17. Refuse to allow your spaces and your peoples to be sacrifice zones: zones deemed not important enough to protect but important enough to sacrifice “for the rest of the world.”
  18. Be aware of insidious rhetoric meant to trick you. Do not allow anyone to tell you that we are living in the past; that our structures are not old and therefore can be dismantled and destroyed; that we are afraid of progress; that we are anti-science, that we are selfish. Do not believe any of it.
  19. Use your voice. Be creative. Seek new and interesting ways to spread the word, to educate, to impact. Write poems. Create art. Print stickers and badges. Sell them and donate the proceeds.
  20. Send letters to politicians, to the University of Hawaiʻi, to anyone who is involved in the construction of the TMT. And if they don’t listen, post your letters online, make them open letters for everyone to see. Hold our so-called “leaders” accountable.
  21. Educate yourself and educate others. Learn about colonialism and settler colonialism so that you can recognize their tactics and call them out.
  22. If you’re given a platform to speak, speak about the mauna.
  23. Teach others how to put their pointer fingers and thumbs together to form a triangle. Teach them how to lift that triangle to the sky. Tell them that they are creating the mauna, giving it presence anywhere and everywhere in the world.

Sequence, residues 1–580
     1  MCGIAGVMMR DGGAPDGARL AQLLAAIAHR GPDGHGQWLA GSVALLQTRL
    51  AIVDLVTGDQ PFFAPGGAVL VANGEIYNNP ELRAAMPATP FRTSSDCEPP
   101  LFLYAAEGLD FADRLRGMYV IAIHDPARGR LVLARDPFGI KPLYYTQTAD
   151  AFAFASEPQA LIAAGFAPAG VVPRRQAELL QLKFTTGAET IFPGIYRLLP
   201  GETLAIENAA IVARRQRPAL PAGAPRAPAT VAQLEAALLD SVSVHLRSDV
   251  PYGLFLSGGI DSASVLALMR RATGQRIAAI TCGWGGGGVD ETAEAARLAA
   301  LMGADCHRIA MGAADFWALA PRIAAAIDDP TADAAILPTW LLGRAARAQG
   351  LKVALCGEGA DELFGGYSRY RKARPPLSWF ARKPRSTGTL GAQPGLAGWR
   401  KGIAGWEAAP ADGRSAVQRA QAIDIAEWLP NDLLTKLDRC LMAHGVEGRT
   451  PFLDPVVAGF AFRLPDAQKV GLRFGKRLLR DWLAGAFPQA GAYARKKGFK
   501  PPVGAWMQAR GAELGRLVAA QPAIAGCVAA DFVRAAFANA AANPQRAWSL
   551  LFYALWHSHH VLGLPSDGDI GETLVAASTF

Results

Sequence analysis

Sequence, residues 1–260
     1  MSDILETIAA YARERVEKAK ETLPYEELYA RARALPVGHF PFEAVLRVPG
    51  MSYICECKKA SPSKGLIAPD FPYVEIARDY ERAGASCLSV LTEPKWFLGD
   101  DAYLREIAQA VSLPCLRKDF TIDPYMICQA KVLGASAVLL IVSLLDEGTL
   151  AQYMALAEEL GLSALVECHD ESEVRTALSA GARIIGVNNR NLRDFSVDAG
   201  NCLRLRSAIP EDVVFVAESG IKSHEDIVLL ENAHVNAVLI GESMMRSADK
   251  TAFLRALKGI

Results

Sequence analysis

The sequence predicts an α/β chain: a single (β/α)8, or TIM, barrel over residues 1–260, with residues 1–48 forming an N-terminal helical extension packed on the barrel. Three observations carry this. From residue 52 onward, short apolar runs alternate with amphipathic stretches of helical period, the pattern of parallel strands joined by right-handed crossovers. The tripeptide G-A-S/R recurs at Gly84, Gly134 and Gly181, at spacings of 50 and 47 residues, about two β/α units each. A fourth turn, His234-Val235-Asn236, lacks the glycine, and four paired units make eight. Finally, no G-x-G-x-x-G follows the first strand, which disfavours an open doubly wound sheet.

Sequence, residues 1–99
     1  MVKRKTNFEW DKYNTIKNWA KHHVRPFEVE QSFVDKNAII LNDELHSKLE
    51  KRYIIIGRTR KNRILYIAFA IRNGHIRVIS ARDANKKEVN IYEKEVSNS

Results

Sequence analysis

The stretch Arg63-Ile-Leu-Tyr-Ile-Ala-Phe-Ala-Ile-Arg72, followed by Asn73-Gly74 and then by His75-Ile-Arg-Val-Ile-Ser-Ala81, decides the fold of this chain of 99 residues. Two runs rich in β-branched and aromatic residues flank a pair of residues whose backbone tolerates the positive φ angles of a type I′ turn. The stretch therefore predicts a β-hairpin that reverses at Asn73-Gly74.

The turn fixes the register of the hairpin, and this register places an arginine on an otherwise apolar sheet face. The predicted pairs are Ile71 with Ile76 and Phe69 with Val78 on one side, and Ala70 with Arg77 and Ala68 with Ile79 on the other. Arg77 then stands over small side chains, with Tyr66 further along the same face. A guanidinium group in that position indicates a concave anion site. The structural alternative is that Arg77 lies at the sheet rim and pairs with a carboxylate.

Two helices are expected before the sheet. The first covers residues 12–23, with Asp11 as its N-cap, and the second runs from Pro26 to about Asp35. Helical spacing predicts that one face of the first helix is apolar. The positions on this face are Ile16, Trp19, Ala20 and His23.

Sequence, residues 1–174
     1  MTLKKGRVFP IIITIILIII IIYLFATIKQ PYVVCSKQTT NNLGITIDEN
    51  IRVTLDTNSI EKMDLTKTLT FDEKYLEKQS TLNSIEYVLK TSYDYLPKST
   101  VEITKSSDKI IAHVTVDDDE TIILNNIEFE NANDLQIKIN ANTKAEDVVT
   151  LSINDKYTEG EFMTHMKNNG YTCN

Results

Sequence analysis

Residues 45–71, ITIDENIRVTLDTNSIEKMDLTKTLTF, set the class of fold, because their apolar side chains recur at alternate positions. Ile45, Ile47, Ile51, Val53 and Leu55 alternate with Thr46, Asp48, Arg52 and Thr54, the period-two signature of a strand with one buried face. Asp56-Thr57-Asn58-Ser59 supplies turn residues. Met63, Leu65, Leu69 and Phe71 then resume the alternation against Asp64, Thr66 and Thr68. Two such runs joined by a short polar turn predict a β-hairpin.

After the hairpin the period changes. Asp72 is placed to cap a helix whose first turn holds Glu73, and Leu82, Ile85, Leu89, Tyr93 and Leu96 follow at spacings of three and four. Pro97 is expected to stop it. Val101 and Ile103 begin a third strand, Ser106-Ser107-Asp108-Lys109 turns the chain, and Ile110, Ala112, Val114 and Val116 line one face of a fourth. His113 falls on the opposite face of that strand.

24. Never lose hope. Even when the world tries to tell you that having hope is useless, or that change is impossible, be radical and hope anyway.
  25. Know that when we stand, we stand as thousands, with generations of ancestors at our sides.
  26. Do not ever believe that you can’t help, or that you are too small or too distant to have impact. One voice raised in defense of the mauna is one more voice added to the collective, making it stronger, making it pulse deeper, making it ring louder. Know that those who want to construct telescopes on our mauna are depending on our feeling small, feeling helpless, feeling defeated. Do not give them that. Ever.
  27. Let the movement transform you. Let it teach you how to live better, how to love deeper, how to stand taller in the wisdom of your ancestors.
  28. Learn stories about the mauna. Learn the names of all the deities who dwell there. Listen to the stories of those gods and goddesses and know that they are not “myths.” Recognize that the category of “myth” has never served indigenous peoples well and that it has been used to disregard our beliefs and our ways of knowing and being in and with the world. Learn the stories as truths.
  29. Recognize that you are an ancestor in the making. Be the type of ancestor your descendants can look up to with pride, knowing that you stood for something larger than yourself.
  30. Aloha ʻāina. Live it. Feel it. Act upon it. Know that it is what we do and who we are. Forever.